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17 of 18 people found the following review helpful By AZ on September 4, 2010
Format: Hardcover
I own Judith Martin's larger book, Miss Manners' Guide to Excruciatingly Correct Behavior and was delighted to get a chance to read her Guide to a Surprisingly Dignified Wedding, though the time for it to be any use to me is past, as my sister's marriage occurred last month.

Readers unfamiliar with Judith Martin's shtick seem perpetually unaware that someone who styles herself "Miss Manners" is in on the joke. Like the larger volume, the bulk of the wedding book teaches etiquette through primly sarcastic response to reader questions, not exposition. Questions from Gentle Readers consume a larger portion of the book than the full etiquette guide. There are very few instructions on what to do or explanation of traditions. If you are curious about wedding customs or what should be done at weddings, don't expect to find that information here! Miss Manners assumes you already know the broad outline of how weddings are conducted, and the book focuses on what is rude. I haven not read Miss Manners On Weddings, so I have no basis for comparison with that.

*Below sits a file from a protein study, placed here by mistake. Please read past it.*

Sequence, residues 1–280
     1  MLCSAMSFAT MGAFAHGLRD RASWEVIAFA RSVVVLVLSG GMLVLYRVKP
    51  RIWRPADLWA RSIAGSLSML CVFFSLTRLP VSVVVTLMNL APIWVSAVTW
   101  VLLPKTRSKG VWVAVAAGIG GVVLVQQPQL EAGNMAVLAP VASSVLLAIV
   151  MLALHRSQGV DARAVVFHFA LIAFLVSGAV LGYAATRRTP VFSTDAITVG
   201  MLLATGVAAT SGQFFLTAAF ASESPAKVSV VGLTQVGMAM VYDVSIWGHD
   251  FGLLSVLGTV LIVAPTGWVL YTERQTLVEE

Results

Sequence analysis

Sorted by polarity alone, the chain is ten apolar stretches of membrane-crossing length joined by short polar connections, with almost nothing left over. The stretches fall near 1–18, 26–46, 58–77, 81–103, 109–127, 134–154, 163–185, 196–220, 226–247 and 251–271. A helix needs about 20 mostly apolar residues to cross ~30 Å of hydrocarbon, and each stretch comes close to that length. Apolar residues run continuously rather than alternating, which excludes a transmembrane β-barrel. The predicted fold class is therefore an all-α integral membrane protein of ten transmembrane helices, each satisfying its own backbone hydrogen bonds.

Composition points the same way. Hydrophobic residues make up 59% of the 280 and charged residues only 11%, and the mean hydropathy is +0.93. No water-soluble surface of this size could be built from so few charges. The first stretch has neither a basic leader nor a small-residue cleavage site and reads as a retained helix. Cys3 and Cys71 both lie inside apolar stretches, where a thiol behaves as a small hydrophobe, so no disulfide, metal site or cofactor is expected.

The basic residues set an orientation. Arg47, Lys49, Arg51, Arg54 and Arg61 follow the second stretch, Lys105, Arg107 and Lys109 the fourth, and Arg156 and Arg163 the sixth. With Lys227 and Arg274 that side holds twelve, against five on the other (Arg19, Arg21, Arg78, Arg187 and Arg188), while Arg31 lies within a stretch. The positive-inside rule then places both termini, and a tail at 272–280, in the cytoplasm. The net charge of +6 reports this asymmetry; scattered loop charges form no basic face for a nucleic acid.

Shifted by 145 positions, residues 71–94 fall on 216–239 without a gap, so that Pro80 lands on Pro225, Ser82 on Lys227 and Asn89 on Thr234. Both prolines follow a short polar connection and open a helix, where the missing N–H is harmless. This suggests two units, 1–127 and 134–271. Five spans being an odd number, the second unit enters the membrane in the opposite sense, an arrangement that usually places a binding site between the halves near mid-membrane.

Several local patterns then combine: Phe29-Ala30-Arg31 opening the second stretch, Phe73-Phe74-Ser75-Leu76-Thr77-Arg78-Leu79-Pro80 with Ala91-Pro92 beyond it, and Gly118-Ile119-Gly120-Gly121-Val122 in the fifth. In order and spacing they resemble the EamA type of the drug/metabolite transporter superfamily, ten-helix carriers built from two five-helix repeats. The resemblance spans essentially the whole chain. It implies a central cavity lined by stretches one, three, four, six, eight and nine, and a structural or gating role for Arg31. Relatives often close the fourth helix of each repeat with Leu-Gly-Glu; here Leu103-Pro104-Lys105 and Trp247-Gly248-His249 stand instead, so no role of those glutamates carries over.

One could sum of the bulk of this book in three words: "get over yourself". More specifically if you already knew the following, you need not purchase the book:

-Thank you cards are mandatory and should be written immediately.
-The wedding couple should not be concerned about their guests spend their money if they are moved to do so.
-The venue and food at the reception should be determined by figuring out the wedding budget then dividing that by the number of people you wish to share the day with. Cutting the guest list to afford a nicer venue or dinner is not appropriate- the food should be scaled down accordingly. Serve punch and cake alone if necessary.
-Cash bars are rude.